A large cross, surrounded by flowers, and flanked by the graves of railroad magnate Samuel Sloan and his wife, Margaret Elmendorf Sloan, was the next focus of attention. In Gordon’s words: “He was the president of the Hudson River Railroad, and in 1862 he moved to Garrison. He built a home called Lisburne Grange, up above where the Desmond-Fish Library is now, on a knoll. In 1867 he became president of the Delaware Lackawanna Railroad. By the time he died, in 1907, he had been president of 17 different corporations. He was born in Ireland and when he died, his family gave the funds for the new rectory.
“Sloan was very religious, and the railroads never ran on Sundays. He was the head warder for 11 years. He had three daughters, all married at St. Philips and he built homes for then on [what is now] 403. … His grand-daughter, Marguerite Walker Rogers, an avid painter, had a freestanding art studio, which she moved from house to house, including, finally, to the gate house at Dick’s Castle. When the Foundry School was purchased by the Putnam County Historical Society (PCHS), the art studio was donated and today it is Mindy Krazmien’s [Executive Director of the PCHS] office.” The words on Sloan’s tombstone say “The law of his God is in his heart.”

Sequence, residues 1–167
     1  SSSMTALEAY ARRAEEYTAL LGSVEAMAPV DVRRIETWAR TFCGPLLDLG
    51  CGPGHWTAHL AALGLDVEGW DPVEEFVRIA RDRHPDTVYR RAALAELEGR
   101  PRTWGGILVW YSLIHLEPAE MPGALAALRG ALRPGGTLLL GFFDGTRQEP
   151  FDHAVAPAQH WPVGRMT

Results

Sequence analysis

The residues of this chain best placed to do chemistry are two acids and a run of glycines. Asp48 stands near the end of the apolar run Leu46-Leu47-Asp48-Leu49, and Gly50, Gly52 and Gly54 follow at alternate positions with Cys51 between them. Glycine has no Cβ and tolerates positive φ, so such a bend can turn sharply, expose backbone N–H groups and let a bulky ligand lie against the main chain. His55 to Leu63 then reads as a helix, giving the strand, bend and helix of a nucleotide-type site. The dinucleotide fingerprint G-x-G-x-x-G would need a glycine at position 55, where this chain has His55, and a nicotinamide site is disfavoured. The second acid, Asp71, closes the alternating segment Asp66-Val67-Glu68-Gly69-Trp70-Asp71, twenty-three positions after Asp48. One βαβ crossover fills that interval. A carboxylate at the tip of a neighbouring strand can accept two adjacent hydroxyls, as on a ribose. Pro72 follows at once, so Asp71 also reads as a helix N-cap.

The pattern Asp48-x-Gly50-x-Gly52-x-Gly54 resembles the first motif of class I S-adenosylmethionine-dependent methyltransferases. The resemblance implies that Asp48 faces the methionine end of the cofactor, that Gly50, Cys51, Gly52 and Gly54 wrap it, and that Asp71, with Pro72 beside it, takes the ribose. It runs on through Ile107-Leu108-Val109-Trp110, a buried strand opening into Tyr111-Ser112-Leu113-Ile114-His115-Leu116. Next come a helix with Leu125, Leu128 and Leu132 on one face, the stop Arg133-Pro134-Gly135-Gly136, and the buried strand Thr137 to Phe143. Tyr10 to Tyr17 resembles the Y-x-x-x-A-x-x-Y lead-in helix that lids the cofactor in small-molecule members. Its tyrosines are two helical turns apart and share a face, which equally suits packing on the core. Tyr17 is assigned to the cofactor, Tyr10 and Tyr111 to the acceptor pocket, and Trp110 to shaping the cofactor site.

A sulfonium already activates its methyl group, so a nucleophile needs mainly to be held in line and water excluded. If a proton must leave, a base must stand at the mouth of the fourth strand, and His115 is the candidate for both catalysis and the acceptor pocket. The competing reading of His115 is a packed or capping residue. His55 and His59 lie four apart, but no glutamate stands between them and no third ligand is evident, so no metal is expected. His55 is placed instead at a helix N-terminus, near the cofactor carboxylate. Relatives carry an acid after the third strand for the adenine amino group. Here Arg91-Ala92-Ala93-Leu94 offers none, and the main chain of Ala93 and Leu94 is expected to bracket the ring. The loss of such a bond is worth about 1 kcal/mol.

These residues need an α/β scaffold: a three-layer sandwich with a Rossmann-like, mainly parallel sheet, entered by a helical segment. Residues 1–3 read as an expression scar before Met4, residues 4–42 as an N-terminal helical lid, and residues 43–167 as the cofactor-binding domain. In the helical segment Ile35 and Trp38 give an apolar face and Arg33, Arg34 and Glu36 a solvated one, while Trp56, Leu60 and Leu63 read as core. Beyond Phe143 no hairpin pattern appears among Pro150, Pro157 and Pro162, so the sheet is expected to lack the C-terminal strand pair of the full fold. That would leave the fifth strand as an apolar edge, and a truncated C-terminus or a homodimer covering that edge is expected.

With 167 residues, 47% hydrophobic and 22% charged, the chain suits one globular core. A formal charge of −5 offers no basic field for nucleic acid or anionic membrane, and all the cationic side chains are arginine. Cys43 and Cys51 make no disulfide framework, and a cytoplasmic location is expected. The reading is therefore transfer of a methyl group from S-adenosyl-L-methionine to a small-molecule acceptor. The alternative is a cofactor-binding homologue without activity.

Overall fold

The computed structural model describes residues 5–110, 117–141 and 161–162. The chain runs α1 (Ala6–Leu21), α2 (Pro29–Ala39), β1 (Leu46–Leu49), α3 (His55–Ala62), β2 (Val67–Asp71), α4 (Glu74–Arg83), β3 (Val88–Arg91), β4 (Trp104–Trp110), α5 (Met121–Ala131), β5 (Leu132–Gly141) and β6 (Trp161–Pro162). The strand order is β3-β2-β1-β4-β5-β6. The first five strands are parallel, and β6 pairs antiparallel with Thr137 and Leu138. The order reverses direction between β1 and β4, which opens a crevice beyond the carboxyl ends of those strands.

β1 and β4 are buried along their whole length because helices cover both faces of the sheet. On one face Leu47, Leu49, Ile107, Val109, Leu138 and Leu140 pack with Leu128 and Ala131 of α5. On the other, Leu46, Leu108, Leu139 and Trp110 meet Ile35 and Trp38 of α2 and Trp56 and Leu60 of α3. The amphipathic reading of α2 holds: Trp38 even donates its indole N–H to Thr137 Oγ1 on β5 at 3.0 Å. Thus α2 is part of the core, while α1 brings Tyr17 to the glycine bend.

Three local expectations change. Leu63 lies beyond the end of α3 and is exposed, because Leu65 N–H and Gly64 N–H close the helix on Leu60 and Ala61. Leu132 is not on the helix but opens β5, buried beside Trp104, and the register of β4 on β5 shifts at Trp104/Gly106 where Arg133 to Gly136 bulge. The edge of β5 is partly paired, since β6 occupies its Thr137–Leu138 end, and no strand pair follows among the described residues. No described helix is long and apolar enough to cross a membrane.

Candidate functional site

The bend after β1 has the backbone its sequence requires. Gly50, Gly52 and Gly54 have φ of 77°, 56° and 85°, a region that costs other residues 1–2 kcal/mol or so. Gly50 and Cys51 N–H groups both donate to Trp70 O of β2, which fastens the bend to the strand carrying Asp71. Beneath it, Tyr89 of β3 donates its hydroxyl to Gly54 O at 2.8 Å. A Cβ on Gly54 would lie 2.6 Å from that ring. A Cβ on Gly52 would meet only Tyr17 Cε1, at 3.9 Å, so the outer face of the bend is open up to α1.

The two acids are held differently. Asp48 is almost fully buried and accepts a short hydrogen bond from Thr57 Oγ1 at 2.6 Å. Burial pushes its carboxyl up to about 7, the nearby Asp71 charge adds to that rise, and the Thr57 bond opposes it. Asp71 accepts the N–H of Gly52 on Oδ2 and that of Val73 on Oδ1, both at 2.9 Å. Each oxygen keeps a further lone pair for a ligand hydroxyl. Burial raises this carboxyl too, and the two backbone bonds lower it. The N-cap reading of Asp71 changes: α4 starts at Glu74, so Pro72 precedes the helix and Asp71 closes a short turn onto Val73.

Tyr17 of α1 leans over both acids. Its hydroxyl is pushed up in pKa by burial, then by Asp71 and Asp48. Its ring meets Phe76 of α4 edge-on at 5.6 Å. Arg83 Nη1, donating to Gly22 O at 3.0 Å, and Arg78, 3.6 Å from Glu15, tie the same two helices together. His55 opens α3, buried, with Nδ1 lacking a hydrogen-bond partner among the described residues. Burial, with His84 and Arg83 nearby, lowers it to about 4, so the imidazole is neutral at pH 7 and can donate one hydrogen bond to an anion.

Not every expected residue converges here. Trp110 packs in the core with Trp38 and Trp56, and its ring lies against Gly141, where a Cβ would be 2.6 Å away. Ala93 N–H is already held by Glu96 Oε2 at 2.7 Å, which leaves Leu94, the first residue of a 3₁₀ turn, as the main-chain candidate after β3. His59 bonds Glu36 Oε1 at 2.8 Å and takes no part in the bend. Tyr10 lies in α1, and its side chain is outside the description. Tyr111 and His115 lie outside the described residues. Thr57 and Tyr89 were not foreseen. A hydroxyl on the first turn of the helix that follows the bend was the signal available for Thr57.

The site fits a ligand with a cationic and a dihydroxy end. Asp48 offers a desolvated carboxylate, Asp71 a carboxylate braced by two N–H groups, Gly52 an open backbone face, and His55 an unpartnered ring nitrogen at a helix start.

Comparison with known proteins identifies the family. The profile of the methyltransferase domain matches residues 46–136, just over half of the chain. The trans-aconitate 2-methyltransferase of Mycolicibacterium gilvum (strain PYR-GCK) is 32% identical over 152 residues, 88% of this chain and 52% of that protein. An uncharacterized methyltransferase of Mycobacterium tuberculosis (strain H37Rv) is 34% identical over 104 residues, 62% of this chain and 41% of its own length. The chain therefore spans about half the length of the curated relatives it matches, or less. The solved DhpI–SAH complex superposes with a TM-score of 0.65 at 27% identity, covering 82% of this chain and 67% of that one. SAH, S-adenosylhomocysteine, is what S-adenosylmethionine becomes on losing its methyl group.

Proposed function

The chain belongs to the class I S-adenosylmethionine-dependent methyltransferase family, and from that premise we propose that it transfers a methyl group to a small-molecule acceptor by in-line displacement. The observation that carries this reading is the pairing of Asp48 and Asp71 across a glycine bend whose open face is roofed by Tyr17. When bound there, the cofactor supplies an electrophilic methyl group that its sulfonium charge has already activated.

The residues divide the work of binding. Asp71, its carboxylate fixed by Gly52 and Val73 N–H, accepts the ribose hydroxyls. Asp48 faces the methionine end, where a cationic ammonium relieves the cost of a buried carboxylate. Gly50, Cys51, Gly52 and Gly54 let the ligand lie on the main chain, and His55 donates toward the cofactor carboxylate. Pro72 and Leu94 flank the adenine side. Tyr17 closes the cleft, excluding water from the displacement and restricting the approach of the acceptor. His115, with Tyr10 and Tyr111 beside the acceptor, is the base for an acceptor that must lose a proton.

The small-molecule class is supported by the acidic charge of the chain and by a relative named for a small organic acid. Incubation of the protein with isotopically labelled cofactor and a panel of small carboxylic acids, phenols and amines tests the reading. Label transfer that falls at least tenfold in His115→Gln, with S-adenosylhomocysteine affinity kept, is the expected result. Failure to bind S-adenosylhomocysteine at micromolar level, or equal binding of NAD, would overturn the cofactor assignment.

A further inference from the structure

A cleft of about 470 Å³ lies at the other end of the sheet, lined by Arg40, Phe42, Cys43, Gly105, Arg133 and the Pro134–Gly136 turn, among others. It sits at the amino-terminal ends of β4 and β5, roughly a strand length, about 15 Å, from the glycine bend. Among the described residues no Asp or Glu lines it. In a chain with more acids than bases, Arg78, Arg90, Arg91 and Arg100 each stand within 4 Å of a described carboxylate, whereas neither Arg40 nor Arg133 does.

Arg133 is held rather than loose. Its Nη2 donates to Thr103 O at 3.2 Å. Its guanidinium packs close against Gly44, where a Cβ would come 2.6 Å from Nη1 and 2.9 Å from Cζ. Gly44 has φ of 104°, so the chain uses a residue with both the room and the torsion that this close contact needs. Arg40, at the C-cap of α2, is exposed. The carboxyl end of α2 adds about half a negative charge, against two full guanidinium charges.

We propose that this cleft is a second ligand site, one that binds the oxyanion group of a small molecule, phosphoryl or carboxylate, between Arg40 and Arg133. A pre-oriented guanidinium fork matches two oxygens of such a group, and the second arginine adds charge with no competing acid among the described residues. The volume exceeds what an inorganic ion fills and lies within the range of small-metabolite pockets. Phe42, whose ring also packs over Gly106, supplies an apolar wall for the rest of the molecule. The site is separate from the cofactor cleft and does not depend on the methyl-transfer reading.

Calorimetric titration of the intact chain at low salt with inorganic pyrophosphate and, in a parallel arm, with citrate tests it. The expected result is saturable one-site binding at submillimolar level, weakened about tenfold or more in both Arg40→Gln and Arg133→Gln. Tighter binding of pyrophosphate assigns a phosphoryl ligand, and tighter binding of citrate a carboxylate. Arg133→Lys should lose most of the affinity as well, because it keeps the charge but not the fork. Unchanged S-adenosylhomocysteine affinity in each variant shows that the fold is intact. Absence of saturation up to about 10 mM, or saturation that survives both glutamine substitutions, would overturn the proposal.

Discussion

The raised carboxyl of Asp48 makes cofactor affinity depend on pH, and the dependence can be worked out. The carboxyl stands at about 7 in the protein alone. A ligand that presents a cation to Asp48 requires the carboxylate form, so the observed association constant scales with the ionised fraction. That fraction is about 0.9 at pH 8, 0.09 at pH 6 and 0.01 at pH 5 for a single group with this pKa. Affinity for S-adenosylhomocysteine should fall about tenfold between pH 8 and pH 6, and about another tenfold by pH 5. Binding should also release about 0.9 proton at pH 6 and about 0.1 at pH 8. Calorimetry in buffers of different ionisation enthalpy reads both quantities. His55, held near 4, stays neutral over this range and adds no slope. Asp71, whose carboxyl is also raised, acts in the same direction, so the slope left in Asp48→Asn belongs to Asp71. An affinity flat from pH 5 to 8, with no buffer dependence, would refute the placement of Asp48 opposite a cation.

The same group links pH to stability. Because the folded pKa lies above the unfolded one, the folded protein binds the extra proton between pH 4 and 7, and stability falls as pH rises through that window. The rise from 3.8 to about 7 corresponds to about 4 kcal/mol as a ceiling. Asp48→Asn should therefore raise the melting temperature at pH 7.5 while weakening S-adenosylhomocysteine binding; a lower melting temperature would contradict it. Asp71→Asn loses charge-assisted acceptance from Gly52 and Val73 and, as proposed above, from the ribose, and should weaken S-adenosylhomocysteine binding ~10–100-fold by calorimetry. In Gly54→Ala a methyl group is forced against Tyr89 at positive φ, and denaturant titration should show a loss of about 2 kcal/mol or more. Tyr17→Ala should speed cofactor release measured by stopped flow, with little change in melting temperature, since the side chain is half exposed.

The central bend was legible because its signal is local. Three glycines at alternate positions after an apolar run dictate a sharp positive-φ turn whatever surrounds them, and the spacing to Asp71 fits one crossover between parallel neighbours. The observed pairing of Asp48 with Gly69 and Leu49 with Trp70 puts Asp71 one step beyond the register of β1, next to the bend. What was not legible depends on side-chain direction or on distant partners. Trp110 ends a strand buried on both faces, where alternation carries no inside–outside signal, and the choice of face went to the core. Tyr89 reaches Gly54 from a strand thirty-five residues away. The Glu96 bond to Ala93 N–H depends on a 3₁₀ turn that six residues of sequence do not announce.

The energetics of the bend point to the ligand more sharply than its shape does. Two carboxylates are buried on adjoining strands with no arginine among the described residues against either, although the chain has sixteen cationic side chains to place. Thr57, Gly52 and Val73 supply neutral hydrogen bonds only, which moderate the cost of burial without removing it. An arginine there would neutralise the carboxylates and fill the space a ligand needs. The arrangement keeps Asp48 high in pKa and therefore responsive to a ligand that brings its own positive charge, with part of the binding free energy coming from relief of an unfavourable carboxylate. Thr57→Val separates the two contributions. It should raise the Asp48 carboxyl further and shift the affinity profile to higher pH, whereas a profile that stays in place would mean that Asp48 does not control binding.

Shifting the crowd a bit, Gordon announced, “Now, we move into Osborn territory. In 1856, William Henry Osborn bought property in Garrison. During the Civil War he went to Chicago, where he became president of the Illinois Central Railroad. He returned late in the 1870s, living at Wing and Wing, at what is now Nat Prentice’s home, while his new home was built at Castle Rock. His sister Amelia fell in love with J.P. Morgan. Engaged/cough/taken to Algiers to recover/dysentery/died…” Continuing on a freewheeling ramble through the history of person and place, using the graves as reference points, Gordon touched upon names still heard frequently round these parts today